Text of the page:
Brussels is an attractive target for authoritarian actors seeking to subvert European and transatlantic politics. Host to the headquarters of the EU, NATO, and Eurocontrol, the agency responsible for air-traffic control system for all 41 of its European member states, Brussels also holds offices for many UN institutions, the African Union, and the World Bank. The EU and NATO in particular come with diplomatic delegations for each of their member states as well as for many of their partners. Statistics from 2016 showed that the city was home to 20 EU organizations and 42 intergovernmental organizations, as well as to 979 foreign journalists and 5,400 diplomats.

With so much potential intelligence to be collected in the city, it should perhaps not come as a surprise that Brussels is a hotbed of traditional espionage activity. According to a recent report by the European External Action Service, Brussels hosts “about 250 Chinese and 200 Russian spies” out of their country’s embassies or trade missions. Worryingly, even the head of division at Belgium’s General Intelligence and Security Services, the equivalent of CIA, was accused of passing on classified information to a Russian agent.

But Brussels is more than just a home for spy versus spy. It is also a city where authoritarian regimes seek more informal pathways of influence, using asymmetric tools as opposed to traditional methods of espionage. For instance, prominent Russian businessman Vladimir Yakunin, whose close relationship with Putin earned him a spot on the list of individuals sanctioned by the U.S. over their “involvement in the situation in Ukraine,” has demonstrated an interest in the “capital of Europe.” Just a few days ago, Yakunin was in Brussels giving a reception to announce his think tank’s new presence in the city, three months ahead of the European Parliament elections.

Yakunin’s think-tank, the Dialogue of Civilizations (DOC), was founded in Berlin in 2016 as an offspring of a yearly conference that hosted pro-Russian dignitaries to promote, for example, the “rationality” of Moscow’s intervention in Syria or to explain that the Ukrainian Maidan revolution was “imported.” In its current incarnation, DOC aims to challenge the dominance of Western think-tanks by giving room to views such as “Europe is the crisis” or “sanctions against Russia [are] a “lose-lose strategy”.” Under the guise of impartial research, DOC is an unofficial channel for Moscow’s official attempts to influence and subvert democratic society in Europe.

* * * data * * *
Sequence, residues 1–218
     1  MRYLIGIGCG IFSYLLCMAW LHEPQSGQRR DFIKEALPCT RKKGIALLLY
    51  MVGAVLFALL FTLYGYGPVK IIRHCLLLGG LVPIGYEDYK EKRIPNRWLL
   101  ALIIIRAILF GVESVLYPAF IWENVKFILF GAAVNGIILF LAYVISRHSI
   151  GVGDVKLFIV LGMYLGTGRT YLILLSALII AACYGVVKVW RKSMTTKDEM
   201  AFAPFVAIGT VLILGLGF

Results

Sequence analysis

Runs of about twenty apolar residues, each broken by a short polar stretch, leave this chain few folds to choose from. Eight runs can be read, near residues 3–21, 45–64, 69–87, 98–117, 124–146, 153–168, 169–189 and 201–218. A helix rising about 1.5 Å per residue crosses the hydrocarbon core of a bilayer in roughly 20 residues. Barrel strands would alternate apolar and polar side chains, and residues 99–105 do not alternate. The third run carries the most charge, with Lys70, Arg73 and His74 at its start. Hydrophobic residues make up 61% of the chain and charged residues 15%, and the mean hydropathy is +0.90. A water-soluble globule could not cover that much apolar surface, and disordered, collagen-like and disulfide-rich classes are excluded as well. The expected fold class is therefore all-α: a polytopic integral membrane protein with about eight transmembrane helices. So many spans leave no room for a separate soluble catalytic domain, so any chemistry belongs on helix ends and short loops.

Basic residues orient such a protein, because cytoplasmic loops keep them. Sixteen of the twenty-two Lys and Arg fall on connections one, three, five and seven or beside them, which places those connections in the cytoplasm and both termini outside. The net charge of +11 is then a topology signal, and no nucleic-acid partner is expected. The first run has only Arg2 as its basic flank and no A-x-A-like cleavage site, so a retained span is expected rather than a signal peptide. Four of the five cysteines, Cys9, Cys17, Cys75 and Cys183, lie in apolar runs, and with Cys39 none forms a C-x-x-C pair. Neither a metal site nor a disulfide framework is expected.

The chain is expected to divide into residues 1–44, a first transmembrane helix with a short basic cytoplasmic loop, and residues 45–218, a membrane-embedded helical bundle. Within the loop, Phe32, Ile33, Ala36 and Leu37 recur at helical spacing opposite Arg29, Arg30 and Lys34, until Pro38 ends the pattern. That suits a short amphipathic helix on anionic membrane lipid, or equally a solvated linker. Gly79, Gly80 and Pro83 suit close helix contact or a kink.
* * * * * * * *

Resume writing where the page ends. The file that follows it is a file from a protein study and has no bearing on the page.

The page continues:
Yakunin was also slated to speak at an EU-funded conference the day after DOC’s Brussels launch but organizers dropped his name from the program after his participation was outed in the press. And he will probably be returning to Brussels in the not too distant future seeing as, since 2018, he holds a national visa from neighboring Germany allowing him to live and work in the country.

Also in the past few days, it was reported that the daughter of Kremlin spokesperson Dmitry Peskov is currently working for a French member of the European Parliament – Aymeric Chauprade, formerly foreign policy adviser to Marine Le Pen and current vice-chair of the Europe of Freedom and Direct Democracy group, a group headed by Brexiteer Nigel Farage. In 2014, Chauprade openly supported Russia’s annexation of Crimea and participated in an election observation trip there. The trip to Crimea was paid for by a “Brussels-based NGO called Eurasia.”

Chauprade is a member of both the European Parliament’s foreign affairs committee and the subcommittee on security and defense, as well as of the delegation of the EU-Russia parliamentary committee. While Chauprade declared to the press that Peskov’s daughter’s work for him created “zero issue from the point of view of security, defense, and conflict of interest,” reactions from some of his colleagues were less dismissive. Lithuanian MEP Petras Austrevicius called the whole affair a “very big shame on the face of the European Parliament” while French MEP Christine Revault d’Allonnes-Bonnefoy told the press that she found the revelation “extremely shocking. The daughter of the Kremlin’s spokesman is not just any person.”

These events do not constitute isolated incidents. They are part of a broader pattern of multidimensional interference pursued by several authoritarian actors in the transatlantic space. Gaining insider knowledge and deepening networks in the European Parliament– especially with parliamentary elections forthcoming in May – and promoting the Kremlin’s reactionary narratives in Brussels under the guise of neutral scholarship all contribute to the soft power and influence of an authoritarian regime in European decision-making circles. European officials, researchers, and civil society organizations should generate greater understanding of the actors in Russia who are providing the financial and political support for these channels of influence in the heart of Europe.

The views expressed in GMF publications and commentary are the views of the author alone.